Youtube

Fungeons and Flagons Rolls A Natural 20 For Entertainment

New to Dungeons and Dragons? Miss Sourcefed? Fungeons and Flagons rolls a natural 20 for laughs.
d20MelissaSasina
Source: Melissa Sasina via Zazzle

When you hear “Dungeons and Dragons”, what do you think of? Questionable fashion choices? The kids from Stranger Things? Maybe even this?

Since it started in 1974, Dungeons and Dragons has since acclaimed players of all age, race,  gender, and creeds. As someone who has only been playing for a year, I can say that even my preconceived notions of the game were nothing like I expected. Anyone with an imagination can play, anywhere. Even prison.

Perhaps surprising no one, Dungeons and Dragons has a strong presence online, not just as a fandom but actual game play. Sites like Roll20.net provide virtual tabletops for groups, while D&D has its own twitch channel where you can watch and follow along to your favorite ongoing campaigns. But perhaps the most viewable place to watch D&D in motion is Youtube. That’s what Geekbomb boss Maude Garrett hopes with her series, Fungeons and Flagons.

Fungeons and Flagons
Source: Geekbomb via Youtube

As dungeon master Maude reminds the viewer at the start of each episode, Fungeons and Flagons is more of a d20 improv storytelling game, and less 5th edition of D&D. Because the players in F&F are new to the world of tabletop roleplaying, there are no mentions of stats, multiple die (other than the d20s), or character attributes. What Fungeons focuses on, instead, is the roleplaying, the creative problem solving, the organic way the story progresses in hilarious and bizarre ways.

The players still are assigned classic D&D races and classes, asked to give their characters’ backgrounds, goals, strengths, and weaknesses which are crafted and called back to throughout Maude’s campaign in hilarious ways. (One of the players’ deceased brother’s soul now possesses a hat that the player wears). They also have an inventory, have a set of skills and spells specific to them, as well as level up throughout the campaign.

Team Tiny Boys
Source: Geekbomb via Youtube/Starline Hodge

Fans of the former Sourcefed and SourcefedNerd (RIP </3) will recognize not only the format of the show from SFN’s Saturday content, but the players as well! Maude Garrett reprises her role as the Mauderator (pun very much intended), Matt Lieberman as the pixie Tauryn Tummy Touch, Jeremy Azavedo as the halfling Hellgarth Trinkledink, and Sam Bashor as the gnome Maester. Whether you play D&D or not, fans of SF can reminisce to their hearts’ content watching these four.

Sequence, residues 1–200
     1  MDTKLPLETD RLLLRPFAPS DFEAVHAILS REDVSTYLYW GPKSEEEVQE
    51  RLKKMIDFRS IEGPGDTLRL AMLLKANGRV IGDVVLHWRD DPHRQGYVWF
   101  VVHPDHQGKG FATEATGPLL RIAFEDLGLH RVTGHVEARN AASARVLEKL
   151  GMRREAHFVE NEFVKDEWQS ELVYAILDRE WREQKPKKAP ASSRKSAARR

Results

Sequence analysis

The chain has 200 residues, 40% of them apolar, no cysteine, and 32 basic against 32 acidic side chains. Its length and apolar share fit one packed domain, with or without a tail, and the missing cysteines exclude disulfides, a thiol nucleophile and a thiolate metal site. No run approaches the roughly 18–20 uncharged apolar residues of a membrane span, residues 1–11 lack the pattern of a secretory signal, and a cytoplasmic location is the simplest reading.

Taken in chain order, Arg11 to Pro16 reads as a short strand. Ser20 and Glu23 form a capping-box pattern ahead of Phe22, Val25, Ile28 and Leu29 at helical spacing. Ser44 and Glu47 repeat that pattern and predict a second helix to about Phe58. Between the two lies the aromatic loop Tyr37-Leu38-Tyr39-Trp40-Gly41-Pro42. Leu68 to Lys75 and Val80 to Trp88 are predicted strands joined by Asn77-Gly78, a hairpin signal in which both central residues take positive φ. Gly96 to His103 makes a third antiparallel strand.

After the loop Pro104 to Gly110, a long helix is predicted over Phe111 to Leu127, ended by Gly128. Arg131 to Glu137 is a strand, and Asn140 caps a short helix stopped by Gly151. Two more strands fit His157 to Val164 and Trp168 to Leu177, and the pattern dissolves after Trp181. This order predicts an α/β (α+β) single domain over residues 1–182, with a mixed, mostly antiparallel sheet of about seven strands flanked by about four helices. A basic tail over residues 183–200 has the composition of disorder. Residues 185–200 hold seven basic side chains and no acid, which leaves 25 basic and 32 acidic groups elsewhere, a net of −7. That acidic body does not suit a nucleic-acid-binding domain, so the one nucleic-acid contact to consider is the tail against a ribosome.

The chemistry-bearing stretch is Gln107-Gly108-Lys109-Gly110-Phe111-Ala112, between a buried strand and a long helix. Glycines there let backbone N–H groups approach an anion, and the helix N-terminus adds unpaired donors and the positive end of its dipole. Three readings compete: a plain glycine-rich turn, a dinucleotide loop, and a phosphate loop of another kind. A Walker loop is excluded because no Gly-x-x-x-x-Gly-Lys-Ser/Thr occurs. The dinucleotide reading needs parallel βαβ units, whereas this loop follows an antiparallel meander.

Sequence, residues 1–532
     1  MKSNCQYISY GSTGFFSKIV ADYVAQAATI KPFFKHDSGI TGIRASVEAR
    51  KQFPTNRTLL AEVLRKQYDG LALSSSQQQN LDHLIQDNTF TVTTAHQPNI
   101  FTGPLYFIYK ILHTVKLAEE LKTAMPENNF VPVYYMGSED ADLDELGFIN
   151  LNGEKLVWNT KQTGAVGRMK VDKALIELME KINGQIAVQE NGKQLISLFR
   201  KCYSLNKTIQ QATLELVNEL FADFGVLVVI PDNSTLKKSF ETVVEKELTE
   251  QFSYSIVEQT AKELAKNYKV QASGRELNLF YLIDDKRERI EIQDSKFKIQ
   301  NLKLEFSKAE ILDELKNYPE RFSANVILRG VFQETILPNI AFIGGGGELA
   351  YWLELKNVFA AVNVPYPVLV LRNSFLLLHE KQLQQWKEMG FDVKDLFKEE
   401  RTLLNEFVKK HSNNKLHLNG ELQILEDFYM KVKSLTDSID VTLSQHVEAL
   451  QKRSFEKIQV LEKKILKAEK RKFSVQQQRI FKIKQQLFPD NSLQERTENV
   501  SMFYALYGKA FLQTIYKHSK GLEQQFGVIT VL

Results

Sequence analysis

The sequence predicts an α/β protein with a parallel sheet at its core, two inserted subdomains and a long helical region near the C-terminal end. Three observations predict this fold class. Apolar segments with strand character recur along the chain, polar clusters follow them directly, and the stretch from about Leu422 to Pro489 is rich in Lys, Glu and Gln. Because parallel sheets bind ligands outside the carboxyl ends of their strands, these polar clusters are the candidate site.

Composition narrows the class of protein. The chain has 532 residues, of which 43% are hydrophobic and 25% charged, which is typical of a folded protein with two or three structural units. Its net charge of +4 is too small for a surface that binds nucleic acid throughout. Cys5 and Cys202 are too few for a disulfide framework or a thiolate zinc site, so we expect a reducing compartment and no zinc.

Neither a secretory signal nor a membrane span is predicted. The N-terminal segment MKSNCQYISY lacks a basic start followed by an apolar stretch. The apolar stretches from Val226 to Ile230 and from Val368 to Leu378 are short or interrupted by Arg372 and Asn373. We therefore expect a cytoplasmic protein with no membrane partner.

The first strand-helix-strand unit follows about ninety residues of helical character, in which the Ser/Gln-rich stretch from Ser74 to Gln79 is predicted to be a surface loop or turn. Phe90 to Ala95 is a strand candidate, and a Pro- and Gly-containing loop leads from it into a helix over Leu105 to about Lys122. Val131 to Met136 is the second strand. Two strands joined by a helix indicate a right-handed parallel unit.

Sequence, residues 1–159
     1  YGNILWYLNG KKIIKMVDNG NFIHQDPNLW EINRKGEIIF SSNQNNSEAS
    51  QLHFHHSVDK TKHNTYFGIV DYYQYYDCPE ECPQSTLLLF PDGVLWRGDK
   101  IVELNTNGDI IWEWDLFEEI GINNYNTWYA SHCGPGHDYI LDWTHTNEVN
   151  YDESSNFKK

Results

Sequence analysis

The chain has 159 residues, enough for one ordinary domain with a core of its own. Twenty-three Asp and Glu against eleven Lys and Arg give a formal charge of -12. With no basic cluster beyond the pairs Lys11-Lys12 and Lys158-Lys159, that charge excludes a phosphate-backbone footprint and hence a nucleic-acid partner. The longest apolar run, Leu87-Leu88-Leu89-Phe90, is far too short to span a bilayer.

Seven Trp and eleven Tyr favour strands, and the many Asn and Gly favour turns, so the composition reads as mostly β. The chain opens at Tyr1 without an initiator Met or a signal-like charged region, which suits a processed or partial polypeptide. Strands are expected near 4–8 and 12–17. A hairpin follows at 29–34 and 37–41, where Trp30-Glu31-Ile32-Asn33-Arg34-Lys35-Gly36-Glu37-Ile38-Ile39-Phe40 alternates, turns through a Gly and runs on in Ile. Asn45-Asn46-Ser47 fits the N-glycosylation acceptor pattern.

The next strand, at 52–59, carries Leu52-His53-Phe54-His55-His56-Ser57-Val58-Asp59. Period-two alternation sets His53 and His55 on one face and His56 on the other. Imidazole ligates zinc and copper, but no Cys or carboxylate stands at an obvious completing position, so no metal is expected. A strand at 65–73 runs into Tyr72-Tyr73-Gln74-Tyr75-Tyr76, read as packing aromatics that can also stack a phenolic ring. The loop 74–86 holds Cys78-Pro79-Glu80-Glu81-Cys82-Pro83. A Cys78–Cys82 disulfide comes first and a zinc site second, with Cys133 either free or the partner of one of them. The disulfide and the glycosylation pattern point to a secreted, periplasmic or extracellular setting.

F&amp;F Twitter
Source: @Geekbomb via Twitter

And they’re not the only SF alumni. Fans of the talented cartoonist Starline Hodge and editor Brett Houston also play pivotal behind-the-scenes support, giving it that extra SF flair. Not only that, but appearances have been made by Starline, Steve Zaragoza, Filip Molina, and Joel Rubin as various NPCs throughout Team Tiny Boys’ adventure.

Fungeons and Flagons ft. Steve Zaragoza
Source: Geekbomb via Youtube

The purists of D&D may not like Fungeons and its watered-down, improv-based version of the game. But as someone who enjoys both 5e and a well-written campaign with plenty of creative ways to play, I enjoy what Maude Garrett is doing with her series. From the props (the pixie wears a flower crown; the halfling has his nose taped up because it was now a pig snout), to the graphics, to the players’ improv, there is something for hardcore players and newcomers alike to love. Perhaps the most fun is Maude’s house rule whenever a natural 1 or 20 is rolled – 1, and the player has to take a shot; 20, and the player gets to tell someone else to (usually Maude). This has led to a few holes in all four’s memories; good thing it’s recorded!

Like most channels on Youtube, Geekbomb is not immune to the Great Adpocalypse of 2017. Because of this, contributors to their Patreon have helped fund for Fungeons, earning perks like assigning special attributes to the players’ items, which has led to some pretty funny improv on their part. This type of audience interaction, even if it’s with the patrons, is a refreshing take on a game that usually only consists of a few people, and hopefully has inspired a few future players as well.

Do you play D&D? Are you still mourning Sourcefed? Did Maester kill his wife? Let me know!

 

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